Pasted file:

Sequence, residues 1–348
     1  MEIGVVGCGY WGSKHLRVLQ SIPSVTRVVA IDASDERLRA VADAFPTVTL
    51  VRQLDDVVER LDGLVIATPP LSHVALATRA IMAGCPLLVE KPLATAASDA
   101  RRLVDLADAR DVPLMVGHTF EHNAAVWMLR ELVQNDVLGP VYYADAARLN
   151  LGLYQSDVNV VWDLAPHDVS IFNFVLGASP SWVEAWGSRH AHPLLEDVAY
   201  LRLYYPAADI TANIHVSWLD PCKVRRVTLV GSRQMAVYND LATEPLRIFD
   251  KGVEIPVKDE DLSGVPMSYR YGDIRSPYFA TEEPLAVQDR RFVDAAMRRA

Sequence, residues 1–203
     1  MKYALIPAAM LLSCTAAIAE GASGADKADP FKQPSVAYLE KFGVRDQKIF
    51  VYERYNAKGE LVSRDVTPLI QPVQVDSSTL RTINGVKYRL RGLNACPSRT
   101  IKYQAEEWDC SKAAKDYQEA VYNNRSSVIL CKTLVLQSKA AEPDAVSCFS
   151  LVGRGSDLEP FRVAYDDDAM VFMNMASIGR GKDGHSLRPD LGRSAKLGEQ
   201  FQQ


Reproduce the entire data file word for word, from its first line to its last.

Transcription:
Sequence, residues 1–348
     1  MEIGVVGCGY WGSKHLRVLQ SIPSVTRVVA IDASDERLRA VADAFPTVTL
    51  VRQLDDVVER LDGLVIATPP LSHVALATRA IMAGCPLLVE KPLATAASDA
   101  RRLVDLADAR DVPLMVGHTF EHNAAVWMLR ELVQNDVLGP VYYADAARLN
   151  LGLYQSDVNV VWDLAPHDVS IFNFVLGASP SWVEAWGSRH AHPLLEDVAY
   201  LRLYYPAADI TANIHVSWLD PCKVRRVTLV GSRQMAVYND LATEPLRIFD
   251  KGVEIPVKDE DLSGVPMSYR YGDIRSPYFA TEEPLAVQDR RFVDAAMRRA

Sequence, residues 1–203
     1  MKYALIPAAM LLSCTAAIAE GASGADKADP FKQPSVAYLE KFGVRDQKIF
    51  VYERYNAKGE LVSRDVTPLI QPVQVDSSTL RTINGVKYRL RGLNACPSRT
   101  IKYQAEEWDC SKAAKDYQEA VYNNRSSVIL CKTLVLQSKA AEPDAVSCFS
   151  LVGRGSDLEP FRVAYDDDAM VFMNMASIGR GKDGHSLRPD LGRSAKLGEQ
   201  FQQ